For anybody that wants to play around with different cases, the R code I use to conduct the simulation study can be found here. I will focus on 3 cases for simplicity:

1. Mild truncation, slightly different (true) variances
2. Mild truncation, roughly equal (true) variances
3. Major, asymmetric, truncation. Different variances.

Case 1 and 2

For both of these cases, we set \begin{align*} &n_1=100, \ \mu_1 = 0, \ \sigma_1 = 1 \\ &n_2=150, \ \mu_2 = 0, \ \sigma_2 = 0.6, \ a_2 = -1.5, \ b_2 = 1.5 \end{align*} The truncation interval for the first sample is set to $$\begin{cases} (-1, 1), & \text{Case 1} \\ (-1.07265, 1.07625), & \text{Case 2}. \end{cases}$$ We choose the values so that $$\begin{cases} \text{Var}(X_1) \approx 0.2911 < 0.3281 \approx \text{Var}(X_2), & \text{Case 1} \\ \text{Var}(X_1) \approx 0.3281 \approx \text{Var}(X_2), & \text{Case 2}. \end{cases}$$

We simulate $$100$$ different datasets using the settings described above, and we compute the p-value for each of the three methods. The p-values are plotted below (conveniently ordered for visualization). Recall that under the null hypothesis, we expect the p-value to be uniformly distributed; this is represented below by the grey "reference line".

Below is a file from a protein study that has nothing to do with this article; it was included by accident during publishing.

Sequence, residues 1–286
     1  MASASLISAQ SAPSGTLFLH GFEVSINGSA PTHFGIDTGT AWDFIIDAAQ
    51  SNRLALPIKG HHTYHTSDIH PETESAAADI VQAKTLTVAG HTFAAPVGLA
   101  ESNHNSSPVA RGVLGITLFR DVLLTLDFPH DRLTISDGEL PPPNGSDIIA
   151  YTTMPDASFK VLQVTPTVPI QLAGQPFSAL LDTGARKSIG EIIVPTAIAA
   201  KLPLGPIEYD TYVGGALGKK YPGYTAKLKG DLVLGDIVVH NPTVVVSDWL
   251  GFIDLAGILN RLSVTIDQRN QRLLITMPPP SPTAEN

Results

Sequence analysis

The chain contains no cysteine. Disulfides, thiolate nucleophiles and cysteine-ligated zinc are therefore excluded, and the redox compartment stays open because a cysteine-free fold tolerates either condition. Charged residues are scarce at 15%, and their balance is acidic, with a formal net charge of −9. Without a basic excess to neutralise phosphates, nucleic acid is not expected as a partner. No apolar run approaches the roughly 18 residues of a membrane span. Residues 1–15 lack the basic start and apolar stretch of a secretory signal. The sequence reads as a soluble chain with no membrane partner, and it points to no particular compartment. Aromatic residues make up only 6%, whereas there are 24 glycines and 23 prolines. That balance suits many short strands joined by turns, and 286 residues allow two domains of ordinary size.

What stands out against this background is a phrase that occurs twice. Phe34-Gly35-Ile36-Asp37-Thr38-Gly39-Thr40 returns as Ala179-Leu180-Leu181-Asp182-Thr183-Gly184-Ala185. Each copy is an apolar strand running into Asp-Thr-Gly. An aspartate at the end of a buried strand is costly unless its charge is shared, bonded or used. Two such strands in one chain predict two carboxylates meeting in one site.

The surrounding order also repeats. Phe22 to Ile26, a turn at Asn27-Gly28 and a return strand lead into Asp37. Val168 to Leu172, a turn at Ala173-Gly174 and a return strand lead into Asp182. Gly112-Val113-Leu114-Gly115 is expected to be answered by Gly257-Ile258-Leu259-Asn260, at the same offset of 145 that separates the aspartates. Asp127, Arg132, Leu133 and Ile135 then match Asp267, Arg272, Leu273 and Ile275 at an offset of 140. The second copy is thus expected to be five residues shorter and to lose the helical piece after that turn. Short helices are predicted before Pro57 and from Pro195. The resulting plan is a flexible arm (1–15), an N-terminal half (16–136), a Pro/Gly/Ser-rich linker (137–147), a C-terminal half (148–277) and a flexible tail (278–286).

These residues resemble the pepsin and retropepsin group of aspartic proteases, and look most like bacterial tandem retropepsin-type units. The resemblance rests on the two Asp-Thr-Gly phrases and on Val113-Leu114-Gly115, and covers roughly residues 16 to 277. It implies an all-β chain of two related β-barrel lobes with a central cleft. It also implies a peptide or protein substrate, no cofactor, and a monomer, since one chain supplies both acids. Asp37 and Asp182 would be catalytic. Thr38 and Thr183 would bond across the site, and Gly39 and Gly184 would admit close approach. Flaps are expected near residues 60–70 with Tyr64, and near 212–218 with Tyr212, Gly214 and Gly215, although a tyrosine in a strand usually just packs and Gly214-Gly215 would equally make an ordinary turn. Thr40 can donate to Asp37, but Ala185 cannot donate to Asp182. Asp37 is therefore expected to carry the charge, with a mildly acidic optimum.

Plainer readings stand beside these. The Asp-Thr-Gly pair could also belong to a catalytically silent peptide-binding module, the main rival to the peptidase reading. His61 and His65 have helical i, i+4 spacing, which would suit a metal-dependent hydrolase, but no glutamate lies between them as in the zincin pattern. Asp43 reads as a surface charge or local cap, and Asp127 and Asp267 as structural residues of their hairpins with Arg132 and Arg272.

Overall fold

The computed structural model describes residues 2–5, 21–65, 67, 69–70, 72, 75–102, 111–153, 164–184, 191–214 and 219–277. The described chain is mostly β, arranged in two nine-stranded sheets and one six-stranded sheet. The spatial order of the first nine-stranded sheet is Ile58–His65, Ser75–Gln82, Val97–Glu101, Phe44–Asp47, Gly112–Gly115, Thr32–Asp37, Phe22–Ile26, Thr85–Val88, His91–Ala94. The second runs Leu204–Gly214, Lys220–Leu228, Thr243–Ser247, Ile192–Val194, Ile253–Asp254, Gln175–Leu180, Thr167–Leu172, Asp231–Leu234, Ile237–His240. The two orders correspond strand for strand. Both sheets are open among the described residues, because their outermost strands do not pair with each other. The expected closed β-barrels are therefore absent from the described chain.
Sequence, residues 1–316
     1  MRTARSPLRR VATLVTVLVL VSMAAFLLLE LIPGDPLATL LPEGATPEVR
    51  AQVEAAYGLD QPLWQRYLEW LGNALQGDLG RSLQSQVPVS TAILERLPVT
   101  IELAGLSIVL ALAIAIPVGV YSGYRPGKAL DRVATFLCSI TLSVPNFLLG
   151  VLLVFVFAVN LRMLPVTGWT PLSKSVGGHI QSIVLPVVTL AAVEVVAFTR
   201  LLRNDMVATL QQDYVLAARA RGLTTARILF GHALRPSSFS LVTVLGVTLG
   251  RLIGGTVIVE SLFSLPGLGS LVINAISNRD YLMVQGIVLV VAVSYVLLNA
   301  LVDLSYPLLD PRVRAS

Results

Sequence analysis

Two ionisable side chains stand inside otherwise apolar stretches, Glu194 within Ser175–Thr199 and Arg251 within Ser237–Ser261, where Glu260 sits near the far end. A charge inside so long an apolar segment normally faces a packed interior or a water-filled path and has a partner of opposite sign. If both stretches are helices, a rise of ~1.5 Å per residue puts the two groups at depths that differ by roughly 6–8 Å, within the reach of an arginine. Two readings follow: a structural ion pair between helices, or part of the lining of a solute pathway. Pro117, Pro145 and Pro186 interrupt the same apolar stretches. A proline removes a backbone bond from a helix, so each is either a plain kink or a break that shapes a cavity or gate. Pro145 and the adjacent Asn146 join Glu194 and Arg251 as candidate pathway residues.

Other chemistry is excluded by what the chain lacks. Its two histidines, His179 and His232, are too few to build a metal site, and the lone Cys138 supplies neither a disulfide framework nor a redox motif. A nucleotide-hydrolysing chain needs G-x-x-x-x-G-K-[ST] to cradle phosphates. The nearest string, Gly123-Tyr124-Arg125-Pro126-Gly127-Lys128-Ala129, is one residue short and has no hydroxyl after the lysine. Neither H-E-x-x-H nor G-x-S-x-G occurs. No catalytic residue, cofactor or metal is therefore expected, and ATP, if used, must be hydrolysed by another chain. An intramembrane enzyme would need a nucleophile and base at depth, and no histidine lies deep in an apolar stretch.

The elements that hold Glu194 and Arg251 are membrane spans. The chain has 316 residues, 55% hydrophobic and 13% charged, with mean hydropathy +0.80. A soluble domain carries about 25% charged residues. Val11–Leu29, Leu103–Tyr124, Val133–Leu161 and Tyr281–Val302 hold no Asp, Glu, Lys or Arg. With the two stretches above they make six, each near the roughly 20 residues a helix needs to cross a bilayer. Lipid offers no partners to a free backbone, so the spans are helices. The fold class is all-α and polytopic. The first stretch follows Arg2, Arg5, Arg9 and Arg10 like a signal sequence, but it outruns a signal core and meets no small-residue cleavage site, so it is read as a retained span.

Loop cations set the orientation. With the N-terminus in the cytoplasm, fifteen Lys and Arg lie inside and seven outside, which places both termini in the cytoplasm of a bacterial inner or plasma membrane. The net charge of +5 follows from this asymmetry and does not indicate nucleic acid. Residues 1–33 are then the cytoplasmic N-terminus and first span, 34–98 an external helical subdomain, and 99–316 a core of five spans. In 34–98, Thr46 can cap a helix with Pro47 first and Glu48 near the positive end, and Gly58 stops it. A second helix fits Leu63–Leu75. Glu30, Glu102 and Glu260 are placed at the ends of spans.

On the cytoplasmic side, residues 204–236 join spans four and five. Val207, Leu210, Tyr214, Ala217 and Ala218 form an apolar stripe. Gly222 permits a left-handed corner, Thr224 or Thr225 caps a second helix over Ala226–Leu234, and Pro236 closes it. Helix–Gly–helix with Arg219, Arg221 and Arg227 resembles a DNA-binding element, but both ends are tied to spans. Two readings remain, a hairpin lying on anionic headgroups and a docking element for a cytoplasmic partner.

In case 1, we see that the Bootstrap seems to be the most powerful of the three methods, followed by the modified F-test.

In case 2, we expect the p-values to roughly align with the reference curve. In this setting, all methods seem to perform similarly, but the bootstrap method could be said to be the most "calibrated".

Case 3

We conclude with a case where one of the truncated normal distributions is highly non-normal. We use the same settings as above, except for the truncation interval for the first sample becomes $$(0.5, 2.5).$$ Again, we see that the three methods perform similarly.

• "...assumptions not satisfied" isn't a relevant criterion, because it is (extremely) rare for such specific mathematical assumptions to be satisfied in any application. What matters is how and to what degree the assumptions are violated. With a truncated Normal, it's likely the violation is mild and that, if anything, an F test would work better in this case than in most cases, depending on how much truncation occurs and how much data there are.
– whuber
Commented Apr 21 at 3:31
• @whuber Is the truncated distribution is not symmetric, is it still a mild violation? Commented Apr 21 at 4:49
• It depends on the degree of truncation.
– whuber
Commented Apr 21 at 5:03